In my case, "core dump" is the act of writing out my thoughts in a free form, guided by an occasional inspiration. I strive to print my thoughts and the questions that I face, just like a snapshot of my mind. (possibly also meant for debugging) Some other people also have weblogs called "core dump" so this was not a unique choice. Still, it is quite accurate.


To compress or not? (Music)

I enjoy listening to music, as I'm sure most of you do. The whole idea of copying music to lossy compressed formats (mp3 and the like) never appealed to me, even though I spend quite a few hours in front of a computer. The reasons, briefly, are that I usually use my decent--nothing particularly fancy--stereo equipment and I can't stand the noise of the computer. The reasons why most people love mp3 are also quite clear, namely good-enough-quality, little hard disk space, "coolness" and most importantly massive ripping/downloading/sharing communities.

Recently I bought a nice set of surround (5.1) computer speakers made by Creative (Creative T5400) to use with my Audigy 2 ZS audio card. I was never satisfied with the quality of the onboard audio which, in most cases, is simply not comparable to add-on cards. Spending 60-70 $/euros on an add-on card can really make a difference, in my opinion. Especially USB versions are quite practical and are also isolated from the electrical noise and interference inside the box. I also took some steps to reduce the noise from my computing environment--a topic large enough to become an article in itself, if you are interested.

To cut a long story short, I decided that I could start listening to music from the pc while working. My network bandwidth is very low and I never got involved in this "sharing"-mania that leads other people to collect massive amounts of music. Besides, I enjoy the process of actually buying a CD from a store, looking at the covers, chatting with the salesmen and pondering my various choices. I only rip my own cd collection, a necessary step to prevent several of my favorite CDs from deteriorating over time. I also "recorded" some of my LPs for everyday listening.

I have considered various formats, I even performed my own blind listening tests with my friends. I started with a minimum acceptable of rate ~200 kbps vbr stereo. In this rate, Vorbis was the clear winner over lame. I used lame --alt-preset extreme and an oggenc -q setting that produced the approximate same bitrate. I consider lame to be an excellent choice for those that are tied to mp3 devices (mobile, car audio etc) but I wish vorbis would be more popular. Sadly it seems that the good-enough philosophy has prevailed to such an extent that most people are not willing to consider a free, open-source, superior alternative over mp3 (for those perplexed by the lame and vorbis terms, allow me to explain: vorbis is an open-source variable bit rate audio codec that has been available for a while, files are commonly called ".ogg" but .ogg is the container format, just like .avi is a container format for DivX video, lame, on the other hand, is a popular mp3 compression "engine" that is also open-source and free. You should consider lame if you are using mp3 compression). If you are using the Windows environment you can propably find the OggDS codec for vorbis audio or try the extremely powerful CDex program for ripping.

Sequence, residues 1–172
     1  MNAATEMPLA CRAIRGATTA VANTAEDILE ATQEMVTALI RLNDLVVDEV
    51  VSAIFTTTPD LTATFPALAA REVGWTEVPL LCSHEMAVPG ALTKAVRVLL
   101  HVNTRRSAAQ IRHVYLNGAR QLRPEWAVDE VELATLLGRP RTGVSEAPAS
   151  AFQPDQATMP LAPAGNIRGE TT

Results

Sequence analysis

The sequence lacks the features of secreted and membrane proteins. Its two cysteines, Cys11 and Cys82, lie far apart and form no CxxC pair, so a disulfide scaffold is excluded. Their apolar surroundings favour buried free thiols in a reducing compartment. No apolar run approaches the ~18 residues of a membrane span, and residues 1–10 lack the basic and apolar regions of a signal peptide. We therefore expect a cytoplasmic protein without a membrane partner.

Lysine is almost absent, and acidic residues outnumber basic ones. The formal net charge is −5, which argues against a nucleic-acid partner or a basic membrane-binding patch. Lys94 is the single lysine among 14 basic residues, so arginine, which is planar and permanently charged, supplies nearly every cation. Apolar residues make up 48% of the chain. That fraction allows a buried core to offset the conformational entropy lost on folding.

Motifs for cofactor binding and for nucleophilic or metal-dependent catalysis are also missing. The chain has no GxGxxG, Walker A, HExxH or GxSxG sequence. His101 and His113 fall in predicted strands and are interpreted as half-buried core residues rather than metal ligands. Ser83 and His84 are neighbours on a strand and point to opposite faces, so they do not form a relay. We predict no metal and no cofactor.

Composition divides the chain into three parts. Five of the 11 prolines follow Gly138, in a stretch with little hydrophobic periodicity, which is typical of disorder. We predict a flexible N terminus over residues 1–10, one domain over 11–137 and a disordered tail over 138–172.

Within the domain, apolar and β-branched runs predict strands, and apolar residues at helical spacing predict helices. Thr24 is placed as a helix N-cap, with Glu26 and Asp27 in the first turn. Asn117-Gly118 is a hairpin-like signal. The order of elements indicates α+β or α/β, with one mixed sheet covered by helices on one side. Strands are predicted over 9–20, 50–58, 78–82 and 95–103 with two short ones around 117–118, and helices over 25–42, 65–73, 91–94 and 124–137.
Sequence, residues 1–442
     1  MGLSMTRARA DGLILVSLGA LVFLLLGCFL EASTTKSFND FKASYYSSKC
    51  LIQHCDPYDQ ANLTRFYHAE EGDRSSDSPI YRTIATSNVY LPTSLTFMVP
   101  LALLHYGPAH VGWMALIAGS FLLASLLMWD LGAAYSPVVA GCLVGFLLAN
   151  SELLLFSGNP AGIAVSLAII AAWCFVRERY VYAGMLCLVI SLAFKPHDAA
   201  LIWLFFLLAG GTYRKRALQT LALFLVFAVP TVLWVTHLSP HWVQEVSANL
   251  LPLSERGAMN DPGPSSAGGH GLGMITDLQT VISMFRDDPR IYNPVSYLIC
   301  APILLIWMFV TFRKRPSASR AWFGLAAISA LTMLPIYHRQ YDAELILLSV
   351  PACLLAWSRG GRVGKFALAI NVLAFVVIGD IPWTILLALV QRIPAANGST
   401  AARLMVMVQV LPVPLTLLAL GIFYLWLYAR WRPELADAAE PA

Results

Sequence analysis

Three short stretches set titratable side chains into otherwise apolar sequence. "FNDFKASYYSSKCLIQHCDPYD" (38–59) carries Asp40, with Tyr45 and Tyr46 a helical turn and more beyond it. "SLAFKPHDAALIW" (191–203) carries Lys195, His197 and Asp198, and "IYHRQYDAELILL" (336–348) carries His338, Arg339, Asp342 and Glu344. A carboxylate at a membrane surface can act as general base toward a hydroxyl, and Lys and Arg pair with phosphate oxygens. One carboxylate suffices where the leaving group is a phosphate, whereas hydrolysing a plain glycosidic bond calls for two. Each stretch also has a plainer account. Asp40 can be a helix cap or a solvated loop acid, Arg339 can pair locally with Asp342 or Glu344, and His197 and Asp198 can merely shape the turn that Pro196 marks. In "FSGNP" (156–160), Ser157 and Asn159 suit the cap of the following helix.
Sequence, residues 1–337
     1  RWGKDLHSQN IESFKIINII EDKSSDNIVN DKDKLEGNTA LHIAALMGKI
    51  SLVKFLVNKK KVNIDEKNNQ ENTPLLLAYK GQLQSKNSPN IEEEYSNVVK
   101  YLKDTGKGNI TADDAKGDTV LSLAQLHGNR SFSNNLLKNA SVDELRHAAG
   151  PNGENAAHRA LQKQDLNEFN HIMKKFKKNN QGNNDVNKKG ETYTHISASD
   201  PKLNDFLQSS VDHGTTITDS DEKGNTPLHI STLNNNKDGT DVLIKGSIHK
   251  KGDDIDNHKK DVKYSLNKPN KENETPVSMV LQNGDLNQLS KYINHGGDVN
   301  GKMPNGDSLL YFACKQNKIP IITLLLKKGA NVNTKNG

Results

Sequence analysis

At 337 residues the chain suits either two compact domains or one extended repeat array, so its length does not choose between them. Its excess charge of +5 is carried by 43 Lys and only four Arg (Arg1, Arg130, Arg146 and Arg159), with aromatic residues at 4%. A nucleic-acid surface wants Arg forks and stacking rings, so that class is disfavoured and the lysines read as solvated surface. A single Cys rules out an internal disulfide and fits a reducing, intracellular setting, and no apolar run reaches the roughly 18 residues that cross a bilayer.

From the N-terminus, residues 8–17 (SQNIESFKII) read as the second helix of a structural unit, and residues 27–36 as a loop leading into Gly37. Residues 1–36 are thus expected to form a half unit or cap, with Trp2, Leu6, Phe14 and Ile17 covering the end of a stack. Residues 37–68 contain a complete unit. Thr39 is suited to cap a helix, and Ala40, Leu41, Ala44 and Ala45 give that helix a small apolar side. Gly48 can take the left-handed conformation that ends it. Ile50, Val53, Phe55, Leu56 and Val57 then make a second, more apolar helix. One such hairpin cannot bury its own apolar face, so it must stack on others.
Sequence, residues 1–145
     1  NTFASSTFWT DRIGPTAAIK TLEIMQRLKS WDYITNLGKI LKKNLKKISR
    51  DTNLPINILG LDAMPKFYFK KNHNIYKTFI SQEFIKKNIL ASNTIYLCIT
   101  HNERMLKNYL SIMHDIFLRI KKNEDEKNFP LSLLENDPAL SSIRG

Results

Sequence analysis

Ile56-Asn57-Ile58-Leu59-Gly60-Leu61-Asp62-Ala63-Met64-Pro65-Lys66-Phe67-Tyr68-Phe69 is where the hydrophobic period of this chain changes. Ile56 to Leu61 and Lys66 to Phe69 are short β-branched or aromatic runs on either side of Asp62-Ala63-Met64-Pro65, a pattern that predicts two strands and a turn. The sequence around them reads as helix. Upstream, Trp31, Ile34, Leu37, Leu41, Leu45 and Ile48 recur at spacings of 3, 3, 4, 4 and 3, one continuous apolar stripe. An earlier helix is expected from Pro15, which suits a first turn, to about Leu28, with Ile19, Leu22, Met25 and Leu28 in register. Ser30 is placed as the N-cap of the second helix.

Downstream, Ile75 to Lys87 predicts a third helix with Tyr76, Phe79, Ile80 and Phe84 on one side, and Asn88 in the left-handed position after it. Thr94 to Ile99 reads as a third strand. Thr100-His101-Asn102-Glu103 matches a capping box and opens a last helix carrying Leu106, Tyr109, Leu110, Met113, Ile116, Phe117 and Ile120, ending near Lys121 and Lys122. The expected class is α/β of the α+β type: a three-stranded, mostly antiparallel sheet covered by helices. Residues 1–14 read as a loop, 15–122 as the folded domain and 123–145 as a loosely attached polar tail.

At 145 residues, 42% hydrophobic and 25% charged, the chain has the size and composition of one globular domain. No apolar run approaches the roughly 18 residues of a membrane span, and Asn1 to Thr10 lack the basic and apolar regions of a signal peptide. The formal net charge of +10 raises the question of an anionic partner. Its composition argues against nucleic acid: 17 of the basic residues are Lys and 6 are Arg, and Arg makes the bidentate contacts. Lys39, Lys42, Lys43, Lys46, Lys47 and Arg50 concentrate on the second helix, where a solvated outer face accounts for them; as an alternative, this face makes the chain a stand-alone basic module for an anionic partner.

While I was considering ogg or mp3, each with its own advantages, I encountered the flac codec. Flac is lossless, it preserves all the information in the original file. Now, arguably, most people are unable to hear differences between a CD and a 320kbps mp3 file but for pedantic listeners like me there is a huge bonus in knowing that the compressed file is mathematically (i.e. bit for bit) equivalent to the original. This is especially important for archival purposes and other uses like home recordings or LP-to-digital recordings. Flac can achieve nice compression ratios (approximately 500 kbps for classical music and less than 800 kbps for most modern music) and is playable, unlike other archival formats like zip. The cost of hard disk space is so low these days that there is little purpose in using low-bitrate formats for your CD collection. In 40 Gbytes I managed to fit over 100 CDs and I can use DVD-R for thematic collections (4.7 GB disc = ~12 CDs). Most importantly, unlike lossy compression formats, flac can easily be converted to vorbis/mp3/aac or whatever you prefer in the future, for your portable device or other uses. Recompressing mp3 or vorbis files or any other lossy format is a very bad idea for several technical reasons. I have made a linux shell script (I could post this if anyone is interested) that descends directories recursively and builds medium bit-rate mp3s for my portable device from the "flac archive".

If you are planning to move your CD collection to another media (PC, notebook, DVD-R) you should consider lossless formats (of which flac is just one--albeit my favorite).